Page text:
Learning Arabic Calligraphy

Learning Arabic Calligraphy
Arabic Calligraphy is Art الخط العربي فن

calligr1“Arabic Calligraphy is an Art”; this was the phrase that started the long anticipated lecture on Arabic calligraphy at AA. Although it may seem like a simple subject, not many people know how to write or read the different scripts of the Arabic language. Although it was a one hour lecture, which I wish could’ve been more, it was enough to give a brief introduction to our students and have them write with a professional calligraphy pen. We were lucky to have Mr. Mohamed Hamam, a professional Khattat, or Calligrapher, and a very good one. Once he sat down on his desk to write, he produced all kinds of calligraphy pens and tools.


learning arabic calligraphyThe more interesting pens were made from bamboo then cut (with a cutter by hand). Then he would dip it into a little bottle of ink and starts writing. One by one all students had their names written in different scripts.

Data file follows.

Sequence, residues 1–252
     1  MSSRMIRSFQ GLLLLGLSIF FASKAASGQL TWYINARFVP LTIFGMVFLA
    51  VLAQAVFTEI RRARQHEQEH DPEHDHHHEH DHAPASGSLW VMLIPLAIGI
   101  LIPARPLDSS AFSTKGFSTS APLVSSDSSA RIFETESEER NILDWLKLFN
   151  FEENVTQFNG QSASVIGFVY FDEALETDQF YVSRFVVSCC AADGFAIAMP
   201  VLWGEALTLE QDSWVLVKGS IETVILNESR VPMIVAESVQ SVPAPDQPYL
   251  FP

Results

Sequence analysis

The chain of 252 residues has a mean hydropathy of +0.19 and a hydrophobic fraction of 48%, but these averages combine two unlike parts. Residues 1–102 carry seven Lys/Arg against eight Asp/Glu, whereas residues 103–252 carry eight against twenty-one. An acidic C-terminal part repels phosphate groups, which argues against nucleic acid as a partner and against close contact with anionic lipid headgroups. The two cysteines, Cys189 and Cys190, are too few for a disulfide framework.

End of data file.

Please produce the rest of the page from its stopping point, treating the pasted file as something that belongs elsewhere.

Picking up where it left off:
Mr. Hamam explained that Calligraphy is an art, not just a means for communication and therefore; he wrote one name in so many different forms in so many different scripts. All the calligraphy I had seen while visiting monuments came to mind. Because Islam prohibits the use of icons in religious architecture, calligraphy serves as a means of decoration. It is in all sorts of objects such as vases, lamps and pottery. Calligraphy and the art of the pen are revered by Muslims; because in the Quran Allah makes an oath Swearing by Nun, a letter of the Arabic alphabet and the pen. Until today, there’s nothing that could replace the hand writing of calligraphy and computer scripts hardly do justice to such a rich heritage.

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